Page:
Does alcohol increase of breast cancer?

Yes, Alcohol does substantially increase the risk of Breast cancer.

Very few people seem to be aware of the risks.

Previously it was thought that heavy drinking is responsible for harmful cancer effects.

But studies from U.K and U.S.A have subsequently shown that even light to moderate drinking can increase the risk of breast cancer.

A very large study involving more than 1,250,000 middle-aged women in the United Kingdom ( enrolled in the Million Women Study) showed that “Low to moderate alcohol consumption” in women increases the risk of breast cancer and certain other cancers.

In a study involving more than 88,000 women from United States, also showed that light to moderate drinking increases the risk of breast cancer.

So keep counting the alcohol units during the festive time.

References

1. U.K. Study: Moderate alcohol intake and cancer incidence in women.

2. U.S.A study. Light to moderate intake of alcohol, drinking patterns, and risk of cancer: results from two prospective US cohort studies. BMJ 2015; 351 doi: https://doi.org/10.1136/bmj.h4238 (Published 18 August 2015). Cite this as: BMJ.2015;351:h4238

3. Telegraph. Drinking alcohol raises risk of cancer by snapping DNA, scientists find.

4. Telegraph U.K. Just one in five women at risk of breast cancer know alcohol increases the danger.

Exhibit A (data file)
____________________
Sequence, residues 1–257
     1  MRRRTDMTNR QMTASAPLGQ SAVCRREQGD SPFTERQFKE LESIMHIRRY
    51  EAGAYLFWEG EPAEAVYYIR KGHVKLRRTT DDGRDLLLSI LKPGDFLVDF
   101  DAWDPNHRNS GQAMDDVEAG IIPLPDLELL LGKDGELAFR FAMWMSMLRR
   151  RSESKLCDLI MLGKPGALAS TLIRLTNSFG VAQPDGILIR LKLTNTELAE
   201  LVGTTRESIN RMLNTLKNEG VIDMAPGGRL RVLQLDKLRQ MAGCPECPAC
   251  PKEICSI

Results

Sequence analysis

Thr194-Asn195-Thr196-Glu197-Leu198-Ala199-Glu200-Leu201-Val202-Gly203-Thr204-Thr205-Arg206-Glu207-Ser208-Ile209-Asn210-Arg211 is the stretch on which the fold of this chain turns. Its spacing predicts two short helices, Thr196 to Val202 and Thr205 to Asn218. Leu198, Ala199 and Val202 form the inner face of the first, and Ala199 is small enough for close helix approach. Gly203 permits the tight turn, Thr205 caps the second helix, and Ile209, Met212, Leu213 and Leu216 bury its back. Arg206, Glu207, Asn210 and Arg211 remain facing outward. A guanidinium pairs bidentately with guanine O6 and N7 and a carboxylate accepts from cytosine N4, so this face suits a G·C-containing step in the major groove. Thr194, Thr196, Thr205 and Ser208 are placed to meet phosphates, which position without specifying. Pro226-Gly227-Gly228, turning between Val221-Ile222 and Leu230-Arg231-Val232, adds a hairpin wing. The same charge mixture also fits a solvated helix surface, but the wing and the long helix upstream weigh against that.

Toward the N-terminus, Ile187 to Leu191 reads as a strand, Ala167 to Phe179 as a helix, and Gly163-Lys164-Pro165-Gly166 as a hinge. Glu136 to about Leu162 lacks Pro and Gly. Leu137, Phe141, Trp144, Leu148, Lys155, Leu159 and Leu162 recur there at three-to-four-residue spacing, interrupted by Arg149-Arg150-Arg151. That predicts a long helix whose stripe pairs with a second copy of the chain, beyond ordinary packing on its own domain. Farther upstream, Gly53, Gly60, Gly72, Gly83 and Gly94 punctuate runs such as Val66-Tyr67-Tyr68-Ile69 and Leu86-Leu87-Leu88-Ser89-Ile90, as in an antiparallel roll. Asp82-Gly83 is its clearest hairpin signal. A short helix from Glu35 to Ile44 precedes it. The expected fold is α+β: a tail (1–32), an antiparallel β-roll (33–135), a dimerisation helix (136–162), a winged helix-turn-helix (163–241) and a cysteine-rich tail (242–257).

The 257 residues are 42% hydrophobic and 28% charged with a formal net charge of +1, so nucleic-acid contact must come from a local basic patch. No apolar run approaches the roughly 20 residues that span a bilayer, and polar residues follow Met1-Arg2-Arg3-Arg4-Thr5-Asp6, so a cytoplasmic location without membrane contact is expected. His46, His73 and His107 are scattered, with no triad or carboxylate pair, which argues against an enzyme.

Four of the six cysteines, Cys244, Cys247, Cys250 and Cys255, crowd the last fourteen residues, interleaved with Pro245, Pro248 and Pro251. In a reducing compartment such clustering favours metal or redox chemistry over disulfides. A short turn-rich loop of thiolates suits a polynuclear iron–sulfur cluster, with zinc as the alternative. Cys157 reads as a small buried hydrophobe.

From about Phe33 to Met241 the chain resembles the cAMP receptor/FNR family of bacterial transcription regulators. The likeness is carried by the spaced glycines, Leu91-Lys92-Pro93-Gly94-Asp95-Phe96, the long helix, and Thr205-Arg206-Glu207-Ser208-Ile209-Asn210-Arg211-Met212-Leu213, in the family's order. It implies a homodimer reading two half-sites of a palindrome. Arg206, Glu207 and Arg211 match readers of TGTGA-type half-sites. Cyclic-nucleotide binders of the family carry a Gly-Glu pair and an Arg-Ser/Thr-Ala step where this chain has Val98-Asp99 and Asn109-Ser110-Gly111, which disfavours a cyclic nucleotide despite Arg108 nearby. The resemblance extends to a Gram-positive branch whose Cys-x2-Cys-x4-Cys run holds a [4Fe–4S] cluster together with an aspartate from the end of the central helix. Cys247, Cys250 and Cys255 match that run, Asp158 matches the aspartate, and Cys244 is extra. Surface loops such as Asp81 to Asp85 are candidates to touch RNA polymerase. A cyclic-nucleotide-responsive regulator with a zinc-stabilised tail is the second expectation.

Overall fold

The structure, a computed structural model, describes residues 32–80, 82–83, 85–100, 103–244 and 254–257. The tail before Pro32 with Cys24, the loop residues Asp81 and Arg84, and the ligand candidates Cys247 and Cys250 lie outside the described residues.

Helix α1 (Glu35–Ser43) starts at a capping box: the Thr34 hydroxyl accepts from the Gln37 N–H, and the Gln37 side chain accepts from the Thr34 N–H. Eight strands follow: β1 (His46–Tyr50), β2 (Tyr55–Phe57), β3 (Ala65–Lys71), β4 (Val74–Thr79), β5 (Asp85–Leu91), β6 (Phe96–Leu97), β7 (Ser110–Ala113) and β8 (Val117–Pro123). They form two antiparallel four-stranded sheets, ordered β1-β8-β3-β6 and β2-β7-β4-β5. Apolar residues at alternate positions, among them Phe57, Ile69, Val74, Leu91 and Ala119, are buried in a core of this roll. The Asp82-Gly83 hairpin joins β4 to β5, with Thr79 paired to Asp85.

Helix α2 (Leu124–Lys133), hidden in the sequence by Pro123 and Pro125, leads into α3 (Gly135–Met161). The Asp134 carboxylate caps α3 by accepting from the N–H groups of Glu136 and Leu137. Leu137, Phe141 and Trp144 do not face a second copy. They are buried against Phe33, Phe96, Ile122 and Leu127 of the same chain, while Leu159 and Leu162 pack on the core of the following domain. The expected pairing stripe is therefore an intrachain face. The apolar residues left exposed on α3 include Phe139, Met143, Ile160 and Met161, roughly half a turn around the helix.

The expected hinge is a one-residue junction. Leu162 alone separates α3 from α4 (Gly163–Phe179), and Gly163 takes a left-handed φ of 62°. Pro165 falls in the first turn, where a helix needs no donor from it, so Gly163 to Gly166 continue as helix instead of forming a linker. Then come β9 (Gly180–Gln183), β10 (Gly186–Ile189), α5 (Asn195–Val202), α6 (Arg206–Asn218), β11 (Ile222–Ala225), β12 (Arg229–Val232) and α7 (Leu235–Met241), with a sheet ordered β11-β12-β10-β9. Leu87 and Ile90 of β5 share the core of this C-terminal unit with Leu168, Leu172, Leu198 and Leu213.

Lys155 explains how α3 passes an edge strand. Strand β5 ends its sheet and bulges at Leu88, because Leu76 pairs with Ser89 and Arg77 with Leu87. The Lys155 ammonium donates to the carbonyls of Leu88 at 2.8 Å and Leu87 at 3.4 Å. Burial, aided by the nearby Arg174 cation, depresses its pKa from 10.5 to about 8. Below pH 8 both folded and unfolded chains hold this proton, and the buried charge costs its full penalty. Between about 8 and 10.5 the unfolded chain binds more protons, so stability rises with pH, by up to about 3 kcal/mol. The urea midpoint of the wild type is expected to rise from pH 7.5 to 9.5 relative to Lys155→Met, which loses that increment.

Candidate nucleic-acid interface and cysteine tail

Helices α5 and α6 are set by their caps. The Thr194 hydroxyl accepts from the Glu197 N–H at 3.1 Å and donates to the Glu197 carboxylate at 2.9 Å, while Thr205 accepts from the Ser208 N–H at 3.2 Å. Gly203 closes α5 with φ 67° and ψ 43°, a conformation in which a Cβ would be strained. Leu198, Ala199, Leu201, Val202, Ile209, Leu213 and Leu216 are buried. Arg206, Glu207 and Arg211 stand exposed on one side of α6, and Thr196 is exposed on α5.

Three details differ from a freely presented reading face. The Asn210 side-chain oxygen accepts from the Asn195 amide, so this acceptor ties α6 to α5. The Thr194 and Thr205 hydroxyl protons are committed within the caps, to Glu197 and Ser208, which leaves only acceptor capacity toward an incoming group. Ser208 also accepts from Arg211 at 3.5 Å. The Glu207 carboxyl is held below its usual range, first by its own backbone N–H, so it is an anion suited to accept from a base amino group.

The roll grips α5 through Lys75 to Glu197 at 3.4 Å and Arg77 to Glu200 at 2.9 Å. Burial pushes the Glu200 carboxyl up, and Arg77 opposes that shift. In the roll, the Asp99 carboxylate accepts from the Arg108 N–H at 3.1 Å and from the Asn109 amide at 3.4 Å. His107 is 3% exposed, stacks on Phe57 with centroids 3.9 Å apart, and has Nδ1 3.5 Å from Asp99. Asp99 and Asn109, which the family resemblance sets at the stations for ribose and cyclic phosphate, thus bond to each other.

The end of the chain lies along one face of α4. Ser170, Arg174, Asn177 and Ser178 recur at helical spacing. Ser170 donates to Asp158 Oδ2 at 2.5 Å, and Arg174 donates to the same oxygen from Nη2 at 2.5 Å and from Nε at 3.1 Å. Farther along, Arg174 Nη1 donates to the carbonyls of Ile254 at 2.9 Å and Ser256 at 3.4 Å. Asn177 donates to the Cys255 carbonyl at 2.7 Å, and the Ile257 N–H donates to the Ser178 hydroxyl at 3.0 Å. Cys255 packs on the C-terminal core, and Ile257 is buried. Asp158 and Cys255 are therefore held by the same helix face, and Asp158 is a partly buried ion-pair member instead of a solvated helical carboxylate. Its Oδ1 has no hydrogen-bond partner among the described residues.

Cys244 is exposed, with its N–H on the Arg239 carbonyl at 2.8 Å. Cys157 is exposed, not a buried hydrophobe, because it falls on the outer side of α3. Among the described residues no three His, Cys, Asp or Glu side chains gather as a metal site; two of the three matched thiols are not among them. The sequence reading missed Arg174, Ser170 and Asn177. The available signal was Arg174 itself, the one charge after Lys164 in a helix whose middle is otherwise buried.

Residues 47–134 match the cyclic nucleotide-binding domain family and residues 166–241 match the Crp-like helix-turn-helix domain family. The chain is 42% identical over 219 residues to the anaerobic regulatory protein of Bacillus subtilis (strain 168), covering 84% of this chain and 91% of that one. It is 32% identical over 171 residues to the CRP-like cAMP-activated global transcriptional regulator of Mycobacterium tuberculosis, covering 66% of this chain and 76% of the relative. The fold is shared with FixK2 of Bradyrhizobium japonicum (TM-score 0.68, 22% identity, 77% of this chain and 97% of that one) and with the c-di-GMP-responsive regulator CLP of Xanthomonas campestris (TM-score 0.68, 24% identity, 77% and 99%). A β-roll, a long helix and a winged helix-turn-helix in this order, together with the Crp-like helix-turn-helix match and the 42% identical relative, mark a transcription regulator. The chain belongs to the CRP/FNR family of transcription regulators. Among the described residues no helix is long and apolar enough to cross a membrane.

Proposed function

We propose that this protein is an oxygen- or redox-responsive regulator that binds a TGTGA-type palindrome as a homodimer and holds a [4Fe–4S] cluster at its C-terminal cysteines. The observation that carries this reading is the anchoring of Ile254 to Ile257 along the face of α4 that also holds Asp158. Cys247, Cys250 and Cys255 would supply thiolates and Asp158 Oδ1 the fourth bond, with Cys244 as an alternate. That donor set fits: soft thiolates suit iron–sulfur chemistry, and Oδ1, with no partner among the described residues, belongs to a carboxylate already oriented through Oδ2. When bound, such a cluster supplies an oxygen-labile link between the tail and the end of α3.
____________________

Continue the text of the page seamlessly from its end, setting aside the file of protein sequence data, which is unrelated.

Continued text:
What’s in a name?

awareness cancer design pink Photo by Miguel on Pexels.com

The word cancer is a dreaded one. Not without a good reason. Cancer is the number one killer. Even when someone has a good outcome, the cancer journey is torture. Emotional turmoil is immeasurably horrendous.

But many people would be surprised to hear that there exists a category of low risk cancers. “Low-risk Cancers are cancers which usually don’t kill; These Cancers are found either incidentally on scans performed for some other reasons or found as part of routine cancer screening.”

Because they are not deadly, Should the patients diagnosed with low-risk cancers be spared the dreaded label of cancer?

Should low-risk cancers be labelled something else and the word cancer used only for the “serious” high-risk cancers ?

Personally, I do not agree with renaming of the low risk cancers..Others disagree

Joint the debate at the BMJ.

Submit your views through rapid response

Reference: 
Should we rename low risk cancers? BMJ

several assorted color tags Photo by rawpixel.com on Pexels.com

How to communicate that the disease is mild even though symptoms are disabling?

women s white long sleeved top

Beth McHugh makes a strong argument for doctors “not to explicitly discuss disease severity scale”.

But

(1) A valid informed consent would then become difficult

(2) Not discussing severity, is not a practical option for patients with certain illness.

My BMJ eLetter on this topic…

Risk categorisation will continue to be the norm in future as genomic data leads to personalised medicine.

England’s 100 000 Genomes Project